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Rail News: Amtrak

Amtrak: Chicago Union Station's Great Hall work underway

A construction worker prepared the Great Hall skylight for restoration.
Photo –


Amtrak has begun a $22 million project to restore and repair the Great Hall at Chicago's Union Station, the railroad announced yesterday.

The project will include repainting the hall in its original colors, which will be made brighter by a restored and protected skylight with improved lighting.

Completed in 1925, the Great Hall at Union Station was designed by Daniel Burnham and successor firm Graham, Anderson, Probst & White. The centerpiece of the Great Hall is a 219-foot-long skylight that soars 115 feet above the floor. Over the decades, it has deteriorated due to water damage and flaws within the original design, Amtrak officials said in a press release.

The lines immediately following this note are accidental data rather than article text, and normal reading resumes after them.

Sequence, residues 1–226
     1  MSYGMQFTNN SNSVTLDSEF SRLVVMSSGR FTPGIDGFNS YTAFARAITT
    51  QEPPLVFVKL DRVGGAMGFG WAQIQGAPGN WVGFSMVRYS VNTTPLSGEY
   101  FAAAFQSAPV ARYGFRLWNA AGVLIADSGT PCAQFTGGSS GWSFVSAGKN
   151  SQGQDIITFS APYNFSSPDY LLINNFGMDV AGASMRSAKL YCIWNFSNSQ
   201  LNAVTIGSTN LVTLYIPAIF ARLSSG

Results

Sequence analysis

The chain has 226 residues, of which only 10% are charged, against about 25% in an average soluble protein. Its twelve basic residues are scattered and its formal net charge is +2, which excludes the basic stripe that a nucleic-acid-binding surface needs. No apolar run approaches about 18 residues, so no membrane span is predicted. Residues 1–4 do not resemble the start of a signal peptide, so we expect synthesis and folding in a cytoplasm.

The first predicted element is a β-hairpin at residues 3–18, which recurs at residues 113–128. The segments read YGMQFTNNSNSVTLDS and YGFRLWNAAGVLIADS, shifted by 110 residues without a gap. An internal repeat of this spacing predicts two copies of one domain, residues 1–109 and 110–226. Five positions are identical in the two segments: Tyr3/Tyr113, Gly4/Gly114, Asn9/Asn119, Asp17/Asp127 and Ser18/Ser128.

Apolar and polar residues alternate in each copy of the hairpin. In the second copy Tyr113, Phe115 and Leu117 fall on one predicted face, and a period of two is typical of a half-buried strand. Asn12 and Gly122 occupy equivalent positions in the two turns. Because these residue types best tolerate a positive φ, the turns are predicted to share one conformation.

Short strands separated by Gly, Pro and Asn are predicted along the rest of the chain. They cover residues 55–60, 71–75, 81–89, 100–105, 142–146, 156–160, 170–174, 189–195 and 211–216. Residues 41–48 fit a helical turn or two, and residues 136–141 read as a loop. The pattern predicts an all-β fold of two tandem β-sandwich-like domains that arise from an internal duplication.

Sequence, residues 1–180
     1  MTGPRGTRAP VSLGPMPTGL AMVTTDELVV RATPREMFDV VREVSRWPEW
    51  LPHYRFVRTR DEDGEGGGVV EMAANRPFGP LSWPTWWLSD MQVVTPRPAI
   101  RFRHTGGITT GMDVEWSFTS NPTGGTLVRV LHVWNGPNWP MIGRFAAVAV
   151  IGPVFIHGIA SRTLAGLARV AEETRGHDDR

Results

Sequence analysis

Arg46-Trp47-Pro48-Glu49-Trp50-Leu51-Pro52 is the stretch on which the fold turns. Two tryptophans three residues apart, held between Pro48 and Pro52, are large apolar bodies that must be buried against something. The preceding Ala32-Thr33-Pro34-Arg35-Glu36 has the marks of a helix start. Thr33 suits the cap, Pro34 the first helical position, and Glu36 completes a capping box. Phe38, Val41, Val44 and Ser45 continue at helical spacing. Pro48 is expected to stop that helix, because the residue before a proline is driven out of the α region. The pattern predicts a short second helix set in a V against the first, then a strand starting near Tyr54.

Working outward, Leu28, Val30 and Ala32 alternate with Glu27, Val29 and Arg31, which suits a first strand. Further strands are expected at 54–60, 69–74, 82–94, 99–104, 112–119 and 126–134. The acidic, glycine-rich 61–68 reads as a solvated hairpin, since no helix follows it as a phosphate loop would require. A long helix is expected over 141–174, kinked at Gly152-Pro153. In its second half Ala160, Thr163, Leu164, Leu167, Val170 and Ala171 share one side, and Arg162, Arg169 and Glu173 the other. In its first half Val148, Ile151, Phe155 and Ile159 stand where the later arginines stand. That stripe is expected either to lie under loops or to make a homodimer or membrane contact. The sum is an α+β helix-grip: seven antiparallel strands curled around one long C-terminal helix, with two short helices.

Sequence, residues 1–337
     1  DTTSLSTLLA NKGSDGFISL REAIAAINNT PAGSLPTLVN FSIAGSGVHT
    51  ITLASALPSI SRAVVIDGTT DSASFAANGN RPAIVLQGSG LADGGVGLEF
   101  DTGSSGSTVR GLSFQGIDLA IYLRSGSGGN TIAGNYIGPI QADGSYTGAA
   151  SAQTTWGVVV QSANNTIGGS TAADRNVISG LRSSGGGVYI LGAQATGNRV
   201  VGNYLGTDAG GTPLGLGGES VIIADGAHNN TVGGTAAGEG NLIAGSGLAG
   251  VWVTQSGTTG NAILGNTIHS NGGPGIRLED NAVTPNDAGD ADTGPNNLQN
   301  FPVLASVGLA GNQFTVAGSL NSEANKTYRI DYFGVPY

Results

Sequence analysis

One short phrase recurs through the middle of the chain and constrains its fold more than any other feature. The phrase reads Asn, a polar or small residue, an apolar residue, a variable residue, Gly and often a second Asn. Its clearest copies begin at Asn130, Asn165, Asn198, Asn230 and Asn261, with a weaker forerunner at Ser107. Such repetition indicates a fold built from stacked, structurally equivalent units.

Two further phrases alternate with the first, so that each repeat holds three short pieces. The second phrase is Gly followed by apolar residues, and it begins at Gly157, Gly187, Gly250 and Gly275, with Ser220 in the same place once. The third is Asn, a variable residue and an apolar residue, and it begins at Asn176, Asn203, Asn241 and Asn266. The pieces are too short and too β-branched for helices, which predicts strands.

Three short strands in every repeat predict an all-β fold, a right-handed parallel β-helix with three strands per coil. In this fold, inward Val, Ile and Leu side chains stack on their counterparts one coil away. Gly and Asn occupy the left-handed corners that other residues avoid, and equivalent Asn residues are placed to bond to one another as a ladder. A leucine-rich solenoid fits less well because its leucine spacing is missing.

Goettsch Partners is the architect and Berglund Construction is the contractor for the restoration project.

The construction team is using a suspended working deck and swing stations in order to minimize disruption to passengers.

A crane erected on Clinton Street is being used to move materials through the building and above the Great Hall. The painting and plaster repairs have been divided into phases to further provide full customer access to the Great Hall during the repairs.

The team will construct an energy-efficient skylight above the historic skylight in order to maintain its historic appearance and overcome complications of an existing drainage system.

When finished, natural light into the Great Hall is expected to increase by about 50 percent by replacing the 2,052 pieces of glass in frames that had been made bigger over the years in a failed effort to prevent leaks in the skylight, Amtrak officials said.

Once the skylight and roof work has been completed, the historic skylight — along with water-damaged plaster and stone — will be restored.

Amtrak is paying for the project.

Contact Progressive Railroading editorial staff.

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